Jump to content

The sheep that wasn't CHEAP.....................


Recommended Posts

Why counting sheep can be very expensive: Ram sold for world record £231,000



By Jim Mcbeth and Beth Hale

Last updated at 6:28 PM on 28th August 2009




His strong, sturdy lines scream stamina rather than speed.

Which is just as well, because while Deveronvale Perfection might have just become a ram with a Ferrari-size price tag, he's going to have to live up to his name.

The six-month old Texel tup has just earned the title the world's most expensive sheep - fetching £231,000 at auction.


article-1209744-0635F3C7000005DC-492_634x857.jpg Happy owner: Aberdeenshire farmer Graham Morrison and his shepherd Scott Mickie with Deveronvale Perfection


That's a lot of lamb chops, but Deveronvale Perfection, snapped up by a Scottish farmer is destined for greater things, namely breeding.

Nothing like a bit of pressure.

And as if the name and the price tag wasn't enough when he went off to auction on Thursday, Deveronvale Perfection still hadn't been put through his paces, so to speak.

There is likely to be some considerable air of anticipation down on the farm when the ram does get down to business; particularly as, if all goes to plan he could continue with it for six to eight years.







Farmers held their breath as bids for the tup - the term for an uncastrated male sheep - rose by increments of £10,000 at the Lawrie and Symington livestock sale, smashing a 20-year world record.

It was £102,000 more than the highest UK price for a breeding animal. Tophill Joe, who died earlier this month, fetched, £128,000 in 2004 and went on to earn £1 million and sire more than 1000 lambs.

Deveronvale Perfection's new owner Jimmy Douglas, who farms sheep in Aberdeenshire, was happy to spend more than the average house price for what he called the 'perfect tup'.

Last night the farmer told how he had been 'tracking' the young sheep and knew when he saw a photograph of the prize specimen two weeks ago: 'I had to have him'.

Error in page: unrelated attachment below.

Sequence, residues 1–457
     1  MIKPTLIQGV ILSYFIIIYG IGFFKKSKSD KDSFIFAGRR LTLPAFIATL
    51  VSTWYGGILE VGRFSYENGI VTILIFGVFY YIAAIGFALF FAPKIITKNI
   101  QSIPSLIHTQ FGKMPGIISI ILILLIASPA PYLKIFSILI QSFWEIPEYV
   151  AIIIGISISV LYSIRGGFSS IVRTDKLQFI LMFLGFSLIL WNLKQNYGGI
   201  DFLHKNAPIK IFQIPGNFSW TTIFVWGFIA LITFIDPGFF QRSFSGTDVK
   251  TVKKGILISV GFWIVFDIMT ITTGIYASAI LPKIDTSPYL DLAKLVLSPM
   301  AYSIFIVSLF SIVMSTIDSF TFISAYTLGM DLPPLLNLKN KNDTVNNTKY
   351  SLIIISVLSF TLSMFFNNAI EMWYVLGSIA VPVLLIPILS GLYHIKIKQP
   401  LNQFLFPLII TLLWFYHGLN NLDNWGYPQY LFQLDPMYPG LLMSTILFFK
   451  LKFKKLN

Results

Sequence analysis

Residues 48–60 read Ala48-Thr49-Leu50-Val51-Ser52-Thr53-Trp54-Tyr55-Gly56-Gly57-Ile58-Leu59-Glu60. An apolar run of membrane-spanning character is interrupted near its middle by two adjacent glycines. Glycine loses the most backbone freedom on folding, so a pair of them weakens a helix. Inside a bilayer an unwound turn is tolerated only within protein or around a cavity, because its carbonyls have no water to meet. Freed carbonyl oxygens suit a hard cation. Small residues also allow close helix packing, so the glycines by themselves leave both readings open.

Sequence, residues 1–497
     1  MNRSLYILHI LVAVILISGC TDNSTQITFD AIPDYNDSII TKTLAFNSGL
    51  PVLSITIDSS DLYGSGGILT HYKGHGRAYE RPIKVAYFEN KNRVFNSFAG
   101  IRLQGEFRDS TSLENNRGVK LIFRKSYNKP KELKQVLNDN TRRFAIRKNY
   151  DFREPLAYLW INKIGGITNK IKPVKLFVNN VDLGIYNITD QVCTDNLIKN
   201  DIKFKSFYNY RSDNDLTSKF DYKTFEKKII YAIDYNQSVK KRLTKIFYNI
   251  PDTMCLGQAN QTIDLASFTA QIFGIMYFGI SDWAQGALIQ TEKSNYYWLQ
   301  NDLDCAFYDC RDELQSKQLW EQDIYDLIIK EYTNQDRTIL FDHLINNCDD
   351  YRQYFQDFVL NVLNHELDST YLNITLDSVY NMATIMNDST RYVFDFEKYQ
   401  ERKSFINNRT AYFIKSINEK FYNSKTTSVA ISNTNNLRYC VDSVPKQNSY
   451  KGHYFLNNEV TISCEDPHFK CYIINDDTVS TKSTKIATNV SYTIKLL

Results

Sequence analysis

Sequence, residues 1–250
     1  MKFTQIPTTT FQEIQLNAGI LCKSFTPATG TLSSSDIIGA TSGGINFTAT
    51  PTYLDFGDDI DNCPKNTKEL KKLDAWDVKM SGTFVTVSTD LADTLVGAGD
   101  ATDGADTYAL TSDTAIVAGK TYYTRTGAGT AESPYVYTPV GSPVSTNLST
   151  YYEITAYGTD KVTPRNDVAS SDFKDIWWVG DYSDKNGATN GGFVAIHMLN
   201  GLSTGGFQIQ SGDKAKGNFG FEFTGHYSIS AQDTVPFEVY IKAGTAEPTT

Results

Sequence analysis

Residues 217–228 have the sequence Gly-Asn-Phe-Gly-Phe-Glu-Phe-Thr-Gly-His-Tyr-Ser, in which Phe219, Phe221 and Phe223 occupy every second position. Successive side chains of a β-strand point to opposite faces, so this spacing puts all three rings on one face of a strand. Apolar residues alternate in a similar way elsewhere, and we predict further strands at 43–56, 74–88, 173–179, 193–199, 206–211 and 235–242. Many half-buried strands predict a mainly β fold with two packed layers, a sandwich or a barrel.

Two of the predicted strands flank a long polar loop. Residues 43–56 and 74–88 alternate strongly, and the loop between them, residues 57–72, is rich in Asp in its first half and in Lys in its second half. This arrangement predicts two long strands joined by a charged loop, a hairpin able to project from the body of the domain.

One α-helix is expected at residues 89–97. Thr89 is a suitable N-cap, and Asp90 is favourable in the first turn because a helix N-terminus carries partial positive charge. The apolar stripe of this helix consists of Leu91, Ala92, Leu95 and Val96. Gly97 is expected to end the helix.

article-1209744-0635F3A8000005DC-198_634x423.jpg Baaa - rrgain: Deveronvale Perfection broke a 20-year world record and sold for £230,000

'I've bred sheep for years but this is the best Texel tup I have ever seen.

'There was tremendous competition and I was extremely pleased when the gavel dropped.

'I have three pedigree flocks and we will be used initially to improve my stock.'

A man with perhaps even more delighted was the sheep's breeder Graham Morrison, a farmer from Banffshire he set off for auction with a 'funny money' hope his ram would fetch £80,000 and was flabbergasted as the price rose, and rose.

'I knew he would make a high price,' said Mr Morrison.


'When bids hit £100,000, I was flabbergasted. From £120,000, I was stunned. By the end, I was speechless. When I phoned home, the family thought I was joking.'

With more than a dash of pride he added: 'Many tups are good; some are great, but you rarely see the perfect animal. He was born and bred on my farm and is without equal.

'It will be a long time before this happens again and it validates a lifetime of work, striving to reach the very top as a breeder.'

He has already spent £13,000 from his massive windfall - on two more breeding animals.